On Monday night, supporters of the LGBTQ community held vigils around the state and across the country to pay respect to victims of the mass shooting in Orlando. In Burlington, officials estimated between 1,500 and 2,000 people turned out for the march down Church Street and a vigil held in City Hall Park.
The deadly shootings at a gay nightclub in Orlando, Fla. on Sunday morning have rattled the nation, including the Vermont community. We want to create a space for listeners to connect with each other and we will be joined by multiple guests to help facilitate that discussion.
Vermont's gun laws have emerged as a hotly-debated issue ahead of next week's Democratic presidential primary in New York State — and the leading candidate has selectively used statistics to help frame the debate.
Sgt. Jason Covey sits at a conference table in the Middlebury Police Department offices. Displayed out in front of him are three guns. Each one has a little tag attached by a string, looped around the trigger like a price tag, with information about how the department acquired the gun.
Gun control has long been considered the third rail of Vermont politics, and a debate over universal background checks last year reminded lawmakers why. But a new VPR poll shows that the overwhelming majority of Vermonters support background checks for all gun sales, and even favor waiting periods for firearms transactions.
Vermont’s governor says recent mass shootings have not altered his stance on gun control. And Peter Shumlin says the events in San Bernardino, California, have only cemented his opposition to state-based restrictions on gun ownership.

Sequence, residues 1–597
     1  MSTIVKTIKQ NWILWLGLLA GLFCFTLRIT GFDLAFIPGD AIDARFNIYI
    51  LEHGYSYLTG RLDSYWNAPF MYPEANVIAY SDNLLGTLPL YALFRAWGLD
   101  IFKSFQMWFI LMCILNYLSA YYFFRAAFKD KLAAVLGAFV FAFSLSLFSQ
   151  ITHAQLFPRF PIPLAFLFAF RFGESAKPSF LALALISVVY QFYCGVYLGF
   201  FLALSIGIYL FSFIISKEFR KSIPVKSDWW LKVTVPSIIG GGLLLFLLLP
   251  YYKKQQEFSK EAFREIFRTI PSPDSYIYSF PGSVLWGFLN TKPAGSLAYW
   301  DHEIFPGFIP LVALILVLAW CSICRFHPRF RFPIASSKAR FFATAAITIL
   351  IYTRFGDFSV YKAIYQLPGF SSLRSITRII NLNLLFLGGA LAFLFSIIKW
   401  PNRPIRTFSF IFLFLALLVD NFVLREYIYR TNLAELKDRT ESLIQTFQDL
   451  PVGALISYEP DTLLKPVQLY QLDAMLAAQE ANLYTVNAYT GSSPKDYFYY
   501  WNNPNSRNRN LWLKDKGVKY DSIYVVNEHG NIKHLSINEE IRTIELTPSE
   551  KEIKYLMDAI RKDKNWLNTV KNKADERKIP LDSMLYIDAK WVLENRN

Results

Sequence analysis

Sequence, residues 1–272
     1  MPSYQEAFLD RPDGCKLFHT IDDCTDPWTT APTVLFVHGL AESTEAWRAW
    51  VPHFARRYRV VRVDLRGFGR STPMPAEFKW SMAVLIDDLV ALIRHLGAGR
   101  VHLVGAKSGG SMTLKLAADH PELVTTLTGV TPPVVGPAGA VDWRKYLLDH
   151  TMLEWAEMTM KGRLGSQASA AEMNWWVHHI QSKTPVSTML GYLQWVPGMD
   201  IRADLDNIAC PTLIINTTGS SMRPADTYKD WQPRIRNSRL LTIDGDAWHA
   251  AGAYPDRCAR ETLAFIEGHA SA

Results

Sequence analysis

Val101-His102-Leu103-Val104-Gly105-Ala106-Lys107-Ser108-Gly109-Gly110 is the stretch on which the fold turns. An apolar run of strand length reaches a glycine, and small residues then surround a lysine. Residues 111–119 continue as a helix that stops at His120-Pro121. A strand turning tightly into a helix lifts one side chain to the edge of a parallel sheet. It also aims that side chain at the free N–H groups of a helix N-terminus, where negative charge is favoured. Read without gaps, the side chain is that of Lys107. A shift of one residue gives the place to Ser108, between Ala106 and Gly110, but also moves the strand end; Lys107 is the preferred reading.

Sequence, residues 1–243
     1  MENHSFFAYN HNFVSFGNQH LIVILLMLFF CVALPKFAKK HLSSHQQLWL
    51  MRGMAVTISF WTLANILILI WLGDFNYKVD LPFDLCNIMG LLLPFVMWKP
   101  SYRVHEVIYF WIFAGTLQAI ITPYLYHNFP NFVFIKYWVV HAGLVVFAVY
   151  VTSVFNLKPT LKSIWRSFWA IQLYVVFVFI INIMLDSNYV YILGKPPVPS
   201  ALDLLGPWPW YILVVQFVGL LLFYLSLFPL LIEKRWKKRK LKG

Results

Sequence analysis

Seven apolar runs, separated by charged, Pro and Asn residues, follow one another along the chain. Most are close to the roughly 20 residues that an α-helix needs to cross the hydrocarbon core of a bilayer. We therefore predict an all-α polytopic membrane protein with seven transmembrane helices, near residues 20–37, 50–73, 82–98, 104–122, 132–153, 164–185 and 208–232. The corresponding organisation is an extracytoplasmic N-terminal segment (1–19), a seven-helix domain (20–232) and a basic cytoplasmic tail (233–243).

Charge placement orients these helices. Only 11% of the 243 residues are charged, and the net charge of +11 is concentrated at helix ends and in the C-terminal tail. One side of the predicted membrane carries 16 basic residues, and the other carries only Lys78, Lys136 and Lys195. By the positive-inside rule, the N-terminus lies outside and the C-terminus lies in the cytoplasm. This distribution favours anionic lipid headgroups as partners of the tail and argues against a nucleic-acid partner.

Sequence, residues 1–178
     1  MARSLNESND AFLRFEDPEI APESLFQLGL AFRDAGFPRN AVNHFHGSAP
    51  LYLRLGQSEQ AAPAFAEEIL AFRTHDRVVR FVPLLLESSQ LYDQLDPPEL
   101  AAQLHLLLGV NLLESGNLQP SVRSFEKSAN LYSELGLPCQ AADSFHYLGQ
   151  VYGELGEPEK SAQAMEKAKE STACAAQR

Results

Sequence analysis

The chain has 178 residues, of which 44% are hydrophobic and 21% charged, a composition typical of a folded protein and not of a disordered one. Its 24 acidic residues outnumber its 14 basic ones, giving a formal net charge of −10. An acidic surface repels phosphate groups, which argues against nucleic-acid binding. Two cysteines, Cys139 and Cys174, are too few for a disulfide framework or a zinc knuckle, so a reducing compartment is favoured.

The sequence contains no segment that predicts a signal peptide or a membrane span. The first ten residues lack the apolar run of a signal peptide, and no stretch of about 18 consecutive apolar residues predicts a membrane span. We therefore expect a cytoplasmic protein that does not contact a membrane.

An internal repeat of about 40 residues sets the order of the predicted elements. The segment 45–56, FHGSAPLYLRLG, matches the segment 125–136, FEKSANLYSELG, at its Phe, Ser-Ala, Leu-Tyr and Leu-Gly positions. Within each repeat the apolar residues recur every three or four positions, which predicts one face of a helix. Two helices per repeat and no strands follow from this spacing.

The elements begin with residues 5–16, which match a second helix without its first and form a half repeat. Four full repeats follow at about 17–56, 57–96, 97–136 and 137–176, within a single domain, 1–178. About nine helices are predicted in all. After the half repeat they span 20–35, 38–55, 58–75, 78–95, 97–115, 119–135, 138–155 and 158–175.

All three members of Vermont's Congressional delegation say they support the outline of a new proposed gun control bill. But the Vermont Federation of Sportsmen's Clubs say the measure won't be effective in reducing gun violence.
The Salisbury Select Board has decided to withdraw a hunting and firearms ordinance that was adopted in August and set to go into effect next week. The board met Tuesday night and decided to withdraw the ordinance when some residents questioned its legality.
A group of civilians is planning armed security details at military recruitment centers and possibly schools and malls in Vermont with or without the blessing of local law enforcement, according to an email to group members.
As the state prepares to re-open a controversial shooting range it owns in Hartland, a rift has developed within the Fish and Wildlife Board. One board member says the site is unsafe, but the commissioner strongly disagrees.
The shooting deaths of nine worshippers in a South Carolina church have spurred calls for tighter restrictions on gun ownership nationwide. But in Vermont, supporters of universal background checks say they won’t mount a concerted legislative push for the measure when lawmakers return to the Statehouse in 2016.
Strange. Weird. Bizarre. Lawmakers, pundits and lobbyists have used all these words, and more, to describe the past 18 weeks in Montpelier. Amid all the drama, however, the Legislature managed to get some work done.
Plainfield, New Hampshire residents are still furious about noise coming from a shooting range in Hartland, Vermont. So Vermont Fish and Wildlife Department Commissioner Louis Porter wants to limit the range’s hours, require a hunting or fishing license and add supervision. The department also plans to install about $20,000 of security and soundproofing upgrades.
The lawmakers who have taken an oath to represent their constituents are the only ones who vote on legislation, but they’re not the only ones making things happen in the Statehouse every spring – and they’re definitely not the highest-paid.
The Vermont Senate Wednesday gave overwhelming approval to a controversial bill that aims to keep guns out of the hands of violent felons and mentally unstable individuals. But Second Amendment activists will look to stall the legislation in the House.
The financial relationship between Quebec and Vermont is crucial to both areas: Each year, $5 billion in trade crosses the border, the biggest piece of that being goods imported from Canada into Vermont. Canadian tourists bring about $168 million to Vermont each year and recently there have been improvements to the road that connects the two places.